Samuel Sewall (1632-1730) and John Saffin (1632-1710)

Samuel Sewall and John Saffin engaged in one of the earliest "slavery debates" framed in the Americas. Sewall was a Massachusetts judge, and he was also an outspoken opponent of slavery as an institution. He was not only one of the Massachusetts Bay Colony's most distinguished jurists and lawyers; he was also a successful merchant and an early American political figure. His prominence was also controversial: in 1692, he participated actively in the Salem Witchcraft trials that sent the accused to the gallows. However, in 1696, Sewall had the courage to recant his actions in a public confession while his colleagues and fellow jurists remained silent. The following excerpts are from his tract, The Selling of Joseph, which was published on June 12, 1700, and stands as one of the first antislavery pamphlets printed in America. (A Quaker document protesting the slave trade had appeared as early as 1687; however, Sewall's tract opposes not only the horrors of the slave trade but the injustices of the institution itself, and is one of the very earliest objections to the "peculiar institution.")

The full text of The Selling of Joseph shows clearly that Sewall condemned chattel slavery; however, it also reveals a writer who was familiar with contemporary race theory and who accepted the inherent inferiority of the African to the white. Modern readers should consider what Sewall meant when he regarded the African in America as a type of "extravasat Blood," or a separate biological group within the "Body Politick." But he sets out the arguments not only about slavery as an institution, but also concerning full racial equality, that would be debated throughout the nineteenth century.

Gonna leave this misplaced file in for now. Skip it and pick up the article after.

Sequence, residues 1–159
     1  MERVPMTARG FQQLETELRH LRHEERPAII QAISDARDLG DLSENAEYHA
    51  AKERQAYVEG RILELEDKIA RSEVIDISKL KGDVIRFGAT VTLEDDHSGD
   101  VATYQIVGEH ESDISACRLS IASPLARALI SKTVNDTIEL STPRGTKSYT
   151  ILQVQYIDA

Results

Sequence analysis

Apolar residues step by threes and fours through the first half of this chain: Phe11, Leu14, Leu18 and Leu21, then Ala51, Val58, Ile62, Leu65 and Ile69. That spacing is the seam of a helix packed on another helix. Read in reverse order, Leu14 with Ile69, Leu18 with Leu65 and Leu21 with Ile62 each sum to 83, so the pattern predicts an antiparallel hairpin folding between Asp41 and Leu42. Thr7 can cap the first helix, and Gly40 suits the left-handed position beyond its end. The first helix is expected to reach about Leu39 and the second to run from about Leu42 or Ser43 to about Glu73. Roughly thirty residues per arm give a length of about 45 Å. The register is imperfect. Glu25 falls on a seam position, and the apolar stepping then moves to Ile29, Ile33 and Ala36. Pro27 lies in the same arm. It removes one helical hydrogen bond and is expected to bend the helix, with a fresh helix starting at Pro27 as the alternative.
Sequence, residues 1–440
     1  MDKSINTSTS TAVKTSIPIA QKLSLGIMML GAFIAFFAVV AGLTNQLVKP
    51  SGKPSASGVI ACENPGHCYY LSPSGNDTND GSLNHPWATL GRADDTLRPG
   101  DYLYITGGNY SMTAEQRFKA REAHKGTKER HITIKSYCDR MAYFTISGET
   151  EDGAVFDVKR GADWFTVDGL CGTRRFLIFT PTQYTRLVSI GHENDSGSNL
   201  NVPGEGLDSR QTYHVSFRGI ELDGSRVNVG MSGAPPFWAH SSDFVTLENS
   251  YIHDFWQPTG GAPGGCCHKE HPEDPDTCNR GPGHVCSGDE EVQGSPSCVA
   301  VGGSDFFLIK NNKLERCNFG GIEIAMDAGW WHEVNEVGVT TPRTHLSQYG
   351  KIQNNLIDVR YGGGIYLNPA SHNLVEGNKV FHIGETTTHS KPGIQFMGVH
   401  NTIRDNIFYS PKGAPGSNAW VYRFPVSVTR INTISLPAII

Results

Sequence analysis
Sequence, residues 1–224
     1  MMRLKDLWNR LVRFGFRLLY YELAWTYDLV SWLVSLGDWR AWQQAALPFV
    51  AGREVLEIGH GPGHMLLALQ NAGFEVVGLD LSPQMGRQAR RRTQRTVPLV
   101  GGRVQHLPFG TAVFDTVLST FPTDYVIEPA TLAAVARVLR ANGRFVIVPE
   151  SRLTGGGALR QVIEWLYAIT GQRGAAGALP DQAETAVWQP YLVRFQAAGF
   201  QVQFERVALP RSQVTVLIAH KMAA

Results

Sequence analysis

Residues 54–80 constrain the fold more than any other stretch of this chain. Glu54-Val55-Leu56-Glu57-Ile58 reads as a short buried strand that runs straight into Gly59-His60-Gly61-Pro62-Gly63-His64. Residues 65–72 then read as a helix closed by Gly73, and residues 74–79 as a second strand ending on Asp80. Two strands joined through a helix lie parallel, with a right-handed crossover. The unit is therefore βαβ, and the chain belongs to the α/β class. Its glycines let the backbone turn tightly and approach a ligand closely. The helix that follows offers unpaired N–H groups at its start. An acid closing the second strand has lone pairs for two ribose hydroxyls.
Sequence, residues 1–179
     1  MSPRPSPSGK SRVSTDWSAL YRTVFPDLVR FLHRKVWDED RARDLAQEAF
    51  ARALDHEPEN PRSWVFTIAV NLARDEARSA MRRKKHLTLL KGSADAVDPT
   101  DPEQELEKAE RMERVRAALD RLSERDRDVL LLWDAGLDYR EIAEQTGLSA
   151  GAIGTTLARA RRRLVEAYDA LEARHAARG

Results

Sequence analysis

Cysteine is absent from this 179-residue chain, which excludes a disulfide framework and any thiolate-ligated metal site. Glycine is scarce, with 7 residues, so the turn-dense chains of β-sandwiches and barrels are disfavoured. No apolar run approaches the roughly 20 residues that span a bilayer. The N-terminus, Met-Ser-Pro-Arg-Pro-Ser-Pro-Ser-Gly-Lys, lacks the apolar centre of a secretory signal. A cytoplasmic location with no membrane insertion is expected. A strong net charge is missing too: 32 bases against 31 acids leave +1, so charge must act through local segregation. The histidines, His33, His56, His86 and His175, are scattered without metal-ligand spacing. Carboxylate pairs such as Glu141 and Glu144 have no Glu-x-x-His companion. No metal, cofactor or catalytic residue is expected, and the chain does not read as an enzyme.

John Saffin was Samuel Sewall's contemporary, and a vocal critic of Sewall's position on slavery. He was a successful merchant, a slave dealer and slave trader, and, in 1701, at the time of his writing a response to Sewall's pamphlet, he was a member of the same judicial court as Sewall. Sewall condemned Saffin privately, and Saffin replied publicly to Sewall in A Brief Candid Answer to a Late Printed Sheet Entitled, The Selling of Joseph (1701). Saffin's document is one of the earliest defenses of the institution on record. It had been lost until George H. Moore (1823-92) discovered a copy and published it in an appendix to his Notes on the History of Slavery in Massachusetts (1866). The most comprehensive account of the controversy between Sewall and Saffin is Lawrence W. Towner's "The Sewall-Saffin Dialogue on Slavery" (see "Suggestions for Further Reading" at the end of this headnote). See also Louis Ruchames, Racial Thought in America from the Puritans to Abraham Lincoln.